Last month, the board gave the go-ahead to start acquiring properties that will likely be needed under most alternatives, a list which includes a large commercial center home to numerous businesses including Alki Academy, one of the largest daycare facilities in the area. Other businesses potentially being eyed for acquisition include the all-ages music venue Skylark Cafe, Ounces taproom, and at least part of the property home to the West Seattle Health Club.

“I envision a Sound Transit location that complements the childcare and the gym, so people can drop their kiddos off or go work out in the morning, get off Sound Transit and go to their local restaurant and the gym afterwards, pick up their kids from school where kids can get music lessons and go to all-age theaters,” Mosqueda told the Sound Transit board’s system expansion committee Thursday. “I am asking you, at the very least, to consider refinement options that could also save money and save businesses.”

Mosqueda asked the board to study moving the planned pillars for the track guideway so that they utilize more street right-of-way and less private land, potentially sparing the need for partial acquisitions like the pool at West Seattle Health Club. She also asked for the location of Delridge Station to shift by around 100 feet so that businesses like the Skylark Cafe could remain in place. Many of the potential properties that Sound Transit could procure and use in the area are either vacant or include large surface parking lots. A letter Mosqueda sent directly to the board included specifics on potential refinements that could be studied.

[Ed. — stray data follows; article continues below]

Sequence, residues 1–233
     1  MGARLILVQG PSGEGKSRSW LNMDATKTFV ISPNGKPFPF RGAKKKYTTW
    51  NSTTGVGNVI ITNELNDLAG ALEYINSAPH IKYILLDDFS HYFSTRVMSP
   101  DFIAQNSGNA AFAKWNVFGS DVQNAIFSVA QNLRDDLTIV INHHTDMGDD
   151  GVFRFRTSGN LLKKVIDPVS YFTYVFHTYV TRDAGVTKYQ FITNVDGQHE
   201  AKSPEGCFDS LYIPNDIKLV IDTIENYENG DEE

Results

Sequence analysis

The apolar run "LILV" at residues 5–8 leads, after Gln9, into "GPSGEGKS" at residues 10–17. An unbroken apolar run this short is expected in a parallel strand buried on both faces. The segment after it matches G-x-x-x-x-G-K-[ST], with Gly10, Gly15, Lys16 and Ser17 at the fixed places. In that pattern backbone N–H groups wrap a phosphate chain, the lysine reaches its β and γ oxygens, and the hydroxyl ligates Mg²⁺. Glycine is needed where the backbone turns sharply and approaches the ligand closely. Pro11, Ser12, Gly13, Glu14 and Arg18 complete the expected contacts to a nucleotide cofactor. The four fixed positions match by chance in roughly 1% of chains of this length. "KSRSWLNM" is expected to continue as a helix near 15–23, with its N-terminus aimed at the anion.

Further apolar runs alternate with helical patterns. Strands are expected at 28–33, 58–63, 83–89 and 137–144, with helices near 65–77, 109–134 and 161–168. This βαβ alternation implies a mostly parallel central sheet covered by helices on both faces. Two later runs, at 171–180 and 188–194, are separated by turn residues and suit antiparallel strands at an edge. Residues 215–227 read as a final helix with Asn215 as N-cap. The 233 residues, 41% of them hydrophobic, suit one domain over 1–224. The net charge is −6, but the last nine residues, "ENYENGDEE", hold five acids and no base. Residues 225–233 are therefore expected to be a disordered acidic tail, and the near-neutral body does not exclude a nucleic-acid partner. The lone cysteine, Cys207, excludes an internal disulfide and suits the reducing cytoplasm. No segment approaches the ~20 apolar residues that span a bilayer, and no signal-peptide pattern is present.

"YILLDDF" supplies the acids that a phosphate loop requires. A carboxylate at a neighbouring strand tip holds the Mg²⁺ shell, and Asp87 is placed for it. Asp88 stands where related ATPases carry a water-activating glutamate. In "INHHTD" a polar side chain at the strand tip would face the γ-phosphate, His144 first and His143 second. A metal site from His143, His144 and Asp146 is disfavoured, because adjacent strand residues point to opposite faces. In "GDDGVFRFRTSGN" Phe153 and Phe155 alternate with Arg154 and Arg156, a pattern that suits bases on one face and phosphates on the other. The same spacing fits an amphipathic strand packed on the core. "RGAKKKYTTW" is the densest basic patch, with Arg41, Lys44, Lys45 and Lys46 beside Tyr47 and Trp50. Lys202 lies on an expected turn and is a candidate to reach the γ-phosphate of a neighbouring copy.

Concept plans released in late 2023 show Sound Transit’s latest thinking on the Delridge Station design. (Sound Transit)

But it’s not clear the degree to which moving a station would actually reduce the need for property acquisition — Sound Transit regularly needs to acquire more land for construction than it will need once a project is completed. And the request, coming at the eleventh hour, has the potential to disrupt the current timeline for the project and further a precedent when it comes to future Sound Transit projects.